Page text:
When the Canadian government decided in 1968 to remove the word royal from its armed forces there was lots of opposition, especially among those men and women who had served in war and peacetime. For many of those, the decision Tuesday to return the word to the navy and air force moniker will be welcome.
However, perhaps unknowingly the government has reopened the debate about the role of the monarchy in Canada’s affairs and whether using the term compromises our nation’s sovereignty and the desire among some to cut the apron strings to Britain once and for all.
During a ceremony on Tuesday, Defence Minister Peter MacKay announced the Maritime Command and Air Command will again be known as the Royal Canadian Navy and the Royal Canadian Air Force. The army will be renamed the Canadian Army.
“Our government believes that an important element of Canadian military heritage was lost when these three former services were required to relinquish their historic titles,” the minister said.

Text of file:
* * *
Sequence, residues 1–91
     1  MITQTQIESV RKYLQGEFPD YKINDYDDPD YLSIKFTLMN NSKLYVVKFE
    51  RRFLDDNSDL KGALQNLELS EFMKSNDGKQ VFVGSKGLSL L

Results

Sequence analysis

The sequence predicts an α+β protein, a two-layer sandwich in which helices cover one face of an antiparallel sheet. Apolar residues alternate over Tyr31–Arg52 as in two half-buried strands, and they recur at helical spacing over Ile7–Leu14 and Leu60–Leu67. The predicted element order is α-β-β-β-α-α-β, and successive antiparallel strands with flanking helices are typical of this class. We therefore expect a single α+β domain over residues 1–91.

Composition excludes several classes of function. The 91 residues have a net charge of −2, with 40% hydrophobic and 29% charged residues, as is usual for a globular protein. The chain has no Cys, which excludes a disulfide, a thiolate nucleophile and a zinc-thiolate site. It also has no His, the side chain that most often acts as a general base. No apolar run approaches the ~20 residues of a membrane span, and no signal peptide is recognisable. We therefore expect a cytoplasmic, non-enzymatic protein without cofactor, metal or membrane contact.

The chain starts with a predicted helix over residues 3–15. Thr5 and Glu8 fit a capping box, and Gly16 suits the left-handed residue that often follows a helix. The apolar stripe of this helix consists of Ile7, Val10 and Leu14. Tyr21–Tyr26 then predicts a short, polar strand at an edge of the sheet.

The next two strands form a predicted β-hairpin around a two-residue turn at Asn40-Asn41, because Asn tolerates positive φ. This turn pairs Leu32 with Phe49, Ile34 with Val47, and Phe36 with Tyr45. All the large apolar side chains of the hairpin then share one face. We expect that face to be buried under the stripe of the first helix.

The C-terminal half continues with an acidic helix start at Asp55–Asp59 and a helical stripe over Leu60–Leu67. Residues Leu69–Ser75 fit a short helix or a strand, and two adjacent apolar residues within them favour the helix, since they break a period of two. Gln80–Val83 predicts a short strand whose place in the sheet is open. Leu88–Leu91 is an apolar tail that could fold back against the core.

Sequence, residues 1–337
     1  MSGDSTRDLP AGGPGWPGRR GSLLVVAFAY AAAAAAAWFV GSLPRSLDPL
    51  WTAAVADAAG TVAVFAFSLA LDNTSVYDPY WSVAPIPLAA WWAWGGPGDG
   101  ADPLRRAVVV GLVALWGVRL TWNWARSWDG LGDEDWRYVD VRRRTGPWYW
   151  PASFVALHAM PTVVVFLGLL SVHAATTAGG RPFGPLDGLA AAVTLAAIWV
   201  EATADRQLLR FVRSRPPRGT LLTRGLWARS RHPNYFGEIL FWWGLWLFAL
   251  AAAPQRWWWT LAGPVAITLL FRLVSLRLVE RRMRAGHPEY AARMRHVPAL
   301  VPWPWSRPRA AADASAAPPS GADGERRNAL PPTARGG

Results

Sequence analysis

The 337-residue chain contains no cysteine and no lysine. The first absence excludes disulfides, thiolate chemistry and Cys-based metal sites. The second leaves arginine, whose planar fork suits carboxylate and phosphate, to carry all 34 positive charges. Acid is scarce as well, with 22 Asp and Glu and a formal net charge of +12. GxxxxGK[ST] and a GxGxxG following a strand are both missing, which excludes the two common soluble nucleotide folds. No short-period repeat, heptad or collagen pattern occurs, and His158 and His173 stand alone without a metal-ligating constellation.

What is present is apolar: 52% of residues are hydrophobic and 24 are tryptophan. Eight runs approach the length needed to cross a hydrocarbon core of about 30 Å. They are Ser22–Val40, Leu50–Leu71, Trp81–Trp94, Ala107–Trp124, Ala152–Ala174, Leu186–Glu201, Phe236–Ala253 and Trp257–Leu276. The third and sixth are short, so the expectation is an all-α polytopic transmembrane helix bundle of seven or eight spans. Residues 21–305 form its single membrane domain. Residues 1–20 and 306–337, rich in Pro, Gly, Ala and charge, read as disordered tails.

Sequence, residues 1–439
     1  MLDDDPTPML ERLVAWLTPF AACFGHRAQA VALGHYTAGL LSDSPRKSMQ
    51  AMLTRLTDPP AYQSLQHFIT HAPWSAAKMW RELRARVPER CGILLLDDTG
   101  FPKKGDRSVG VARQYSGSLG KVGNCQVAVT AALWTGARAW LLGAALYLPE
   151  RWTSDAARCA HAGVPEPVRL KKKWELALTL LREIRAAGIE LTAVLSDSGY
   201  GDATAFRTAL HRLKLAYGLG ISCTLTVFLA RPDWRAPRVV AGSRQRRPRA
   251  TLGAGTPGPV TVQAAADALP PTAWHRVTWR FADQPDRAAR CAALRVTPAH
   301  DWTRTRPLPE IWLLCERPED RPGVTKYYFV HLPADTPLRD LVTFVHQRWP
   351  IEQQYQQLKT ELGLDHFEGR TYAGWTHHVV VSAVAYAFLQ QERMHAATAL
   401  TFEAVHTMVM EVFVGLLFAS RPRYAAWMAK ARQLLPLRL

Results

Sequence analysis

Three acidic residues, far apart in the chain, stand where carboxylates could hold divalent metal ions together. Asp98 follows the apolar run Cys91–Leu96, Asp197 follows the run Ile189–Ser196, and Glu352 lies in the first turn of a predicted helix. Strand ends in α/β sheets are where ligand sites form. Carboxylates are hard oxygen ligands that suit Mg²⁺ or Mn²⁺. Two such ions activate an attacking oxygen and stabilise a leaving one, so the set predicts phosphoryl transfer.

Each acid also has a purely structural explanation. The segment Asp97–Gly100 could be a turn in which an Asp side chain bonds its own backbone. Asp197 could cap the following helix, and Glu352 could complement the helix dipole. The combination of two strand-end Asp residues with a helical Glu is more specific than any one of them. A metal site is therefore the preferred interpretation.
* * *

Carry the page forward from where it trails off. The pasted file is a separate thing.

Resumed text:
The move has been applauded by those who support continued ties with the Royal Family and builds on the successful and very popular visit last month by Prince William and his new bride. It is also being applauded by the Royal Canadian Legion that said the move reaffirms the tradition and the armed forces’ links with the Crown.
As popular as the return is to some, there are detractors – including former defence minister Paul Hellyer, the man who led the change as part of the Pierre Trudeau government.
To Hellyer, reusing the royal term returns Canada’s air force and navy to “semi-colonial status while the New Democrats were quick to call it a divisive issue that really shouldn’t be a priority for the government.
There is little doubt this issue is going to be a divisive one in whether we need to continue to hold on to those apron strings at a time when many Canadians are hoping and praying another recession doesn’t take their jobs or another market meltdown doesn’t wipe out their savings.